Francis Alan Schmitz, also known as “F. Alan Schmitz,”58, Long Grove, Illinois, was arrested on federal charges alleging that he fraudulently obtained a $2.85 million bank line of credit year resulting in a loss of approximately $2.4 million. The defendant, Francis Alan Schmitz, a former bank executive, allegedly provided false financial information in seeking bank funds to purchase real estate but, instead, used most of the money for his own personal benefit, including to pay other debts.
According to the complaint affidavit, Schmitz, was a vice president and manager of building/administrative services at Northern Trust Company until about 1996, and more recently has represented himself to be managing partner of Long Grove Real Estate Partners, LLC, and the president of F. Alan and Associates, Inc. He filed a voluntary bankruptcy petition in December.
In early 2009, Schmitz worked with a loan broker to obtain a $2.85 million line of credit that he allegedly falsely represented would be used to make deposits on 11 investment properties in Long Grove, Illinois. Schmitz pledged $5.375 million in purported trust assets as collateral, and represented a net worth of $6,332,618, with $5,595,000 in liquid assets, the charges allege. Between January and April 2009, Schmitz provided periodic account statements for the purported trust, a personal financial statement, and personal and trust income tax returns for two years to First Midwest Bank, which extended the line of credit based on Schmitz’s representations of his financial condition.
The trust account statements that Schmitz provided to the bank purported to be issued by a trust company in Florida, but, in fact, was nothing more than a “virtual office,” whose mail and purported web site were traced to a mail drop facility that Schmitz used in Arlington Heights, Illinois, according to the affidavit. The personal financial statement that he provided allegedly failed to disclose at least four outstanding bank loans totaling more than $3.3 million, and stated that his gross annual salary was $275,000 (his purported tax returns listed more than $300,000 in total income), while his bankruptcy petition listed his total employment income as only $15,000 in 2007, $16,626 in 2008, and $14,000 in 2009.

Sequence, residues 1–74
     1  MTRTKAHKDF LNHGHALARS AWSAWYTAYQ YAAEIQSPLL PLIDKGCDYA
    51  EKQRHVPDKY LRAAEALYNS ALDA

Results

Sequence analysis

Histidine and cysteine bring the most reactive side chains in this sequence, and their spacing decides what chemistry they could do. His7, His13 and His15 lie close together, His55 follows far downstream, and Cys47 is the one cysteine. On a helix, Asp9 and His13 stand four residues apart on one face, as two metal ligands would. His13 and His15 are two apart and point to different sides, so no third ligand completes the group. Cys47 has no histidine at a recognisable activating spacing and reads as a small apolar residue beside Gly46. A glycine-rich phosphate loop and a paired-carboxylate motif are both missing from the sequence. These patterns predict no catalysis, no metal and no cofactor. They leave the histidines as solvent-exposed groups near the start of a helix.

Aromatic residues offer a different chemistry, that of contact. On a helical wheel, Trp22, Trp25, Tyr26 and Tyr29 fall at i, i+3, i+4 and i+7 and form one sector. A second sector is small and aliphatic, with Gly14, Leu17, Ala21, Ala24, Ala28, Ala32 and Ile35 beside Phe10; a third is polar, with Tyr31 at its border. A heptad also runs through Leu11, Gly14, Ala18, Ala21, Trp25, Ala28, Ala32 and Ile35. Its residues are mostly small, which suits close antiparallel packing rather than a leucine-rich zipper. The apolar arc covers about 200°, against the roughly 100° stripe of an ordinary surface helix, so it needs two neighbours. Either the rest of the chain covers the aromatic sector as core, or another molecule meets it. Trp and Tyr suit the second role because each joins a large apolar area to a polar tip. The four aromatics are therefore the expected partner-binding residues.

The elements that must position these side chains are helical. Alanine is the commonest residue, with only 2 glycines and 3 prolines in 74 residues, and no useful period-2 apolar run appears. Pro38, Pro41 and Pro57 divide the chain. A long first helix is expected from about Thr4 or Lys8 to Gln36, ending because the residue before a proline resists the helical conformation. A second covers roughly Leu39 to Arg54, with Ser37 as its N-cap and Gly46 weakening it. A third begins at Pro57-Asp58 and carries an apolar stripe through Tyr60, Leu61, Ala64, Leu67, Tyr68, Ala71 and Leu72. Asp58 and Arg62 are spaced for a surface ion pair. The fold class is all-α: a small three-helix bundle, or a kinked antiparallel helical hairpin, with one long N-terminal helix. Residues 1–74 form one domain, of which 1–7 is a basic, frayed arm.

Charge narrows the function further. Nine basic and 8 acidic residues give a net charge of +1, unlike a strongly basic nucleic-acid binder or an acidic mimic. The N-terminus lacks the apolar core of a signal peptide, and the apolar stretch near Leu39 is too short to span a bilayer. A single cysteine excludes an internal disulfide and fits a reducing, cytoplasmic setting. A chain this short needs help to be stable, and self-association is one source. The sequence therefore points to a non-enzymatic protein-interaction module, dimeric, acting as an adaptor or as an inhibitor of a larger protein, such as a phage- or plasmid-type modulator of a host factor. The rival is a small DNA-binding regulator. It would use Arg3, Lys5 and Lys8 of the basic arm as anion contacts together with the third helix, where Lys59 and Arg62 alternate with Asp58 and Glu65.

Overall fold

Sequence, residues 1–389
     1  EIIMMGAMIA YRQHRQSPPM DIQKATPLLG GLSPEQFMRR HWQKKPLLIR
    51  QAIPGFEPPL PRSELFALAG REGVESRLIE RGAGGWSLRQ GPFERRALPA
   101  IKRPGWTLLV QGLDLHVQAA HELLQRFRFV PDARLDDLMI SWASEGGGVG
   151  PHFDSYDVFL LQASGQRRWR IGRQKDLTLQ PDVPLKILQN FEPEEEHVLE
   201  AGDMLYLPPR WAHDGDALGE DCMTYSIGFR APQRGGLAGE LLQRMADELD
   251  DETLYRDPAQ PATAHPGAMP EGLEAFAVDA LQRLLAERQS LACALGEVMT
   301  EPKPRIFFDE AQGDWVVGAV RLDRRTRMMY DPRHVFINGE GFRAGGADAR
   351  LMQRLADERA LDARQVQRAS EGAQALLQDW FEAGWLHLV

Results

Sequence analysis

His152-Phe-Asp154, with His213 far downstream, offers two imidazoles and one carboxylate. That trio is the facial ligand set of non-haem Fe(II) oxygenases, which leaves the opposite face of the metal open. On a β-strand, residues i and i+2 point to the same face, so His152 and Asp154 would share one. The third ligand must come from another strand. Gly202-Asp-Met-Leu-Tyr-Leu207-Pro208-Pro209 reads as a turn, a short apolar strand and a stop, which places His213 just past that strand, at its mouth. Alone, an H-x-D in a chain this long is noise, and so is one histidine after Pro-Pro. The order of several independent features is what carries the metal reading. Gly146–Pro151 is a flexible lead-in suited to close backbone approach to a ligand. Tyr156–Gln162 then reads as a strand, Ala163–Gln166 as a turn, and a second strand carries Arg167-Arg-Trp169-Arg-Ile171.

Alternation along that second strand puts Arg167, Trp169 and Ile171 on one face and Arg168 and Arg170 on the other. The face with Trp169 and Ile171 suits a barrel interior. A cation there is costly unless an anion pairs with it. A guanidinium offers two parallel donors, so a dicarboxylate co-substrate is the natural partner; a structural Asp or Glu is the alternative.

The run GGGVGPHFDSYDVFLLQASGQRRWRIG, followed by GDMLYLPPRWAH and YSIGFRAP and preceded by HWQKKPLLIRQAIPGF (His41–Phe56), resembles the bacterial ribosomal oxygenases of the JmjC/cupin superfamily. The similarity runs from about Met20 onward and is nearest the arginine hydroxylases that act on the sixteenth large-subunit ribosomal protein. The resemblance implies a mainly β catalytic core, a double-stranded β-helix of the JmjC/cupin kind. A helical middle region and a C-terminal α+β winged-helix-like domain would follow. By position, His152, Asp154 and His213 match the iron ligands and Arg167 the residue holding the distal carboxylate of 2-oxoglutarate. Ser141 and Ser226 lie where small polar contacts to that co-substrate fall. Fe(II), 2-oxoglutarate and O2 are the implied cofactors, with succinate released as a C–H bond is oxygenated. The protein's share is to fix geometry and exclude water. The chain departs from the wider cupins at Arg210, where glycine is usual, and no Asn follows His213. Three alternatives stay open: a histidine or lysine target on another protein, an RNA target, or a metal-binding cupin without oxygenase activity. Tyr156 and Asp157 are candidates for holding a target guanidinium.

Schmitz allegedly caused the entire $2.85 million line of credit to be disbursed almost immediately upon its approval, with $350,000 of the proceeds placed in escrow to pay interest and approximately $59,000 applied to broker and bank fees. The remaining $2,440,850 was transferred to a business bank account he controlled. Within days, Schmitz allegedly wire transferred $1,630,274 to Inland Bank & Trust to pay on a defaulted loan and he used another $40,200 to pay past due rent. He used another $20,000 to pay a civil judgment and transferred approximately $380,000 to his personal bank account, the charges allege.
About two weeks after First Midwest Bank provided Schmitz with the line of credit, the bank discovered that the trust assets pledged as collateral were non-existent, the complaint states.
The government is being represented by Assistant U.S. Attorney Edward Kohler.
Mail fraud carries a maximum penalty of 30 years in prison, a $1 million fine, and mandatory restitution. The Court may also impose a fine totaling twice the loss to any victim or twice the gain to the defendant, whichever is greater. If convicted, the Court must impose a a reasonable sentence under the advisory United States Sentencing Guidelines.
A complaint contains only charges and is not evidence of guilt. The defendant is presumed innocent and is entitled to a fair trial at which the government has the burden of proving guilt beyond a reasonable doubt.